New climate action rulebook is not sufficient, say scientists

UN summit in Poland signs off on implementation plan for Paris Agreement

The UN summit in Katowice, Poland, signed off on a climate action rulebook that will come into force in 2020. Photograph: Karolina Jonderko/The New York Times

Scientists have warned that a new plan to implement the Paris Agreement on climate change and cutting carbon emissions across the world is not sufficient given the challenges facing the planet.

A UN summit in Katowice, Poland, signed off on a new rulebook that will come into force in 2020. How individual governments should scale up their efforts to reduce emissions was left unresolved.

Johan Rockstrom, director of Potsdam Institute for Climate Impact Research, said his biggest concern was that "the UN talks failed to align ambitions with science".

“We continue to follow a path that will take us to a very dangerous 3-4 degrees warmer world within this century. Extreme weather events hit people across the planet already, at only 1 degree of warming.”


Prof John Sweeney, an Irish climatologist who was an observer at the talks, said the outcome lacked urgency given the findings of the recent UN report.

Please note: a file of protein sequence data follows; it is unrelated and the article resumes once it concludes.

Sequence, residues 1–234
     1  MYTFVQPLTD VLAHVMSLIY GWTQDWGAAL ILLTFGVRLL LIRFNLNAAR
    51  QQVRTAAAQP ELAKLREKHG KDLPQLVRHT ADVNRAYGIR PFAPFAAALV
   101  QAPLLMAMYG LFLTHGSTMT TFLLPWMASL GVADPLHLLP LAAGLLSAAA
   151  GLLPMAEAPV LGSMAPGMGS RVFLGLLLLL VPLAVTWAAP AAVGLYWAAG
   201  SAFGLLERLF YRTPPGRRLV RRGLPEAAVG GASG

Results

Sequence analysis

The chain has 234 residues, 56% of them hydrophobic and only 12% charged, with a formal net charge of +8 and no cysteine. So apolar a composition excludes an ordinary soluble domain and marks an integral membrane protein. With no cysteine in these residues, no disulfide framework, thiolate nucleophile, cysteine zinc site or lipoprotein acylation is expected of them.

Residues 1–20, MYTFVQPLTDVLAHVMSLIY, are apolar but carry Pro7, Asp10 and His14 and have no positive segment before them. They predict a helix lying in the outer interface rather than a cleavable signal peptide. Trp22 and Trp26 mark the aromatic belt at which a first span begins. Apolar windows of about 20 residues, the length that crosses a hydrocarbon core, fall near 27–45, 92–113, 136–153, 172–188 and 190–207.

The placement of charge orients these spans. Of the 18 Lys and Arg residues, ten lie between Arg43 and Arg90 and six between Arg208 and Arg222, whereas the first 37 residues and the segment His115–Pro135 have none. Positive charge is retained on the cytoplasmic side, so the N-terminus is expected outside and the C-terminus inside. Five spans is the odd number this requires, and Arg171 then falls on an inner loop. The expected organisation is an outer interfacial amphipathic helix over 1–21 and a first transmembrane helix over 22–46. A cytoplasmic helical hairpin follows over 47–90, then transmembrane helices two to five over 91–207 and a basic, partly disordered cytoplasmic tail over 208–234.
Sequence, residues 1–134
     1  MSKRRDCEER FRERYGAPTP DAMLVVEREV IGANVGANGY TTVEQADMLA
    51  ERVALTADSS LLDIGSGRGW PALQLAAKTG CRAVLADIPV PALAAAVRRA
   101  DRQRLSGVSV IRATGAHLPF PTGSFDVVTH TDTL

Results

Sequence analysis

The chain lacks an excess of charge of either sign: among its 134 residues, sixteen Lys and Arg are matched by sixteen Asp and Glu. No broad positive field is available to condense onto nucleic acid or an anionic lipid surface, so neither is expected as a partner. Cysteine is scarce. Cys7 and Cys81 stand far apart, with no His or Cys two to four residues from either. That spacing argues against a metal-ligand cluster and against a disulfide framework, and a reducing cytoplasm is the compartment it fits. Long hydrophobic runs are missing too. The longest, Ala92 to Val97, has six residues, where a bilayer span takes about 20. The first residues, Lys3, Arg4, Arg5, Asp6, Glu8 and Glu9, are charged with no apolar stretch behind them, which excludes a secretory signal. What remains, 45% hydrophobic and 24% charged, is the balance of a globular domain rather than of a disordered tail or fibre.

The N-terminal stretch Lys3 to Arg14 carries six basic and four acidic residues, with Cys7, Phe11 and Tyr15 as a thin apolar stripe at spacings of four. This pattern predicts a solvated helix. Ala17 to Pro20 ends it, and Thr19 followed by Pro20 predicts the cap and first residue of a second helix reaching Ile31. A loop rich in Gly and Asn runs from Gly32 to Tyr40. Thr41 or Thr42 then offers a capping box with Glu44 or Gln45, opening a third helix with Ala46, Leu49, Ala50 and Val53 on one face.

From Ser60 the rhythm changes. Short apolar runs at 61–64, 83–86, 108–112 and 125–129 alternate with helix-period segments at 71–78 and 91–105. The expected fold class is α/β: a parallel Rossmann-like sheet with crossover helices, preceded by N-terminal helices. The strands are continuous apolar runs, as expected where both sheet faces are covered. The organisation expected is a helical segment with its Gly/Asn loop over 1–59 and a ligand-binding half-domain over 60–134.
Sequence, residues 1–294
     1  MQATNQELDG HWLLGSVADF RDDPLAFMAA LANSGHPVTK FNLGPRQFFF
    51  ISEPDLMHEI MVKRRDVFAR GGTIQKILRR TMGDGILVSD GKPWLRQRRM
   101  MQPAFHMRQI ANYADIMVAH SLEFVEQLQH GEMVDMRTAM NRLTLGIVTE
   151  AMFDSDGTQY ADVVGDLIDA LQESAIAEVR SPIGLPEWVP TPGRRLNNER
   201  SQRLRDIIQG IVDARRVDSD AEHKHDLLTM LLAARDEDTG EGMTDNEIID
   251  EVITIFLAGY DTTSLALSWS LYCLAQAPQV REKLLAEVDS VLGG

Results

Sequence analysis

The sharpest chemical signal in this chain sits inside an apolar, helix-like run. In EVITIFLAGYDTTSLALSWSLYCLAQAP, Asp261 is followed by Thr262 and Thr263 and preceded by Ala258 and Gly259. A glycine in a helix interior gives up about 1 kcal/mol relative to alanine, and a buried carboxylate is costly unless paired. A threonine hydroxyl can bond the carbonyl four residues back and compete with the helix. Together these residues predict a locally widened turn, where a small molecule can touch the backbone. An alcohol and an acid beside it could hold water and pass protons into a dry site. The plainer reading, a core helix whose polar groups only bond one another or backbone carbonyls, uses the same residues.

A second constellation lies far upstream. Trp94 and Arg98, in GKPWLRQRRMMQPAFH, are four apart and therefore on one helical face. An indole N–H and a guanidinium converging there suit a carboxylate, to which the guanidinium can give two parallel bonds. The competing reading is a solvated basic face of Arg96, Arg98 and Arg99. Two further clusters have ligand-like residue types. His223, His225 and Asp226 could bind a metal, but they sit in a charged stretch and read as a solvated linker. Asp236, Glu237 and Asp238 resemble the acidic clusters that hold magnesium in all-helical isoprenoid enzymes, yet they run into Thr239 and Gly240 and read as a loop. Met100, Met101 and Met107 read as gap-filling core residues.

While elements of the rulebook were welcome, he said there was an overall lack of ambition which “set back the process by a few years in terms of co-operation”.

Minister for Climate Action Richard Bruton said progress would have to reported across the board in a consistent manner.

“Of particular importance is the agreement of the rulebook which will ensure that all countries are reporting progress in a consistent and transparent manner,” he said.

The gavel came down late on Saturday after two weeks of negotiations.

Xie Zhenhua, China's climate chief, welcomed the deal. "Climate change is the greatest challenge of mankind, in front of it no country is spared, and destinies are shared."

Kevin O'Sullivan

Kevin O'Sullivan

Kevin O'Sullivan is Environment and Science Editor and former editor of The Irish Times